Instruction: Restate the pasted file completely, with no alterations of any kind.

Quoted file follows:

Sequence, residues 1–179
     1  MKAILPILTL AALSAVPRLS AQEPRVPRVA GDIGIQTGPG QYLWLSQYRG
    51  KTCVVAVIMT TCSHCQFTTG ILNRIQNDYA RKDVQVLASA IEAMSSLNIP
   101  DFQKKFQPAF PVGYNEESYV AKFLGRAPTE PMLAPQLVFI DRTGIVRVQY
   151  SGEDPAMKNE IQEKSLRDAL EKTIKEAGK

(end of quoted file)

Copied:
Sequence, residues 1–179
     1  MKAILPILTL AALSAVPRLS AQEPRVPRVA GDIGIQTGPG QYLWLSQYRG
    51  KTCVVAVIMT TCSHCQFTTG ILNRIQNDYA RKDVQVLASA IEAMSSLNIP
   101  DFQKKFQPAF PVGYNEESYV AKFLGRAPTE PMLAPQLVFI DRTGIVRVQY
   151  SGEDPAMKNE IQEKSLRDAL EKTIKEAGK